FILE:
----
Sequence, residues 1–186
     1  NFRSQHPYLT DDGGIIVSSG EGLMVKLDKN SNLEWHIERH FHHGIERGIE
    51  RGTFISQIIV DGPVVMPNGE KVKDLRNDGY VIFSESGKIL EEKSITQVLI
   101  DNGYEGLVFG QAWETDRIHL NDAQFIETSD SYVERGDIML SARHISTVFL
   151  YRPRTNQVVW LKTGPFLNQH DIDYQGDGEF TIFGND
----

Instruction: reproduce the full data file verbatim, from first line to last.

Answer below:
Sequence, residues 1–186
     1  NFRSQHPYLT DDGGIIVSSG EGLMVKLDKN SNLEWHIERH FHHGIERGIE
    51  RGTFISQIIV DGPVVMPNGE KVKDLRNDGY VIFSESGKIL EEKSITQVLI
   101  DNGYEGLVFG QAWETDRIHL NDAQFIETSD SYVERGDIML SARHISTVFL
   151  YRPRTNQVVW LKTGPFLNQH DIDYQGDGEF TIFGND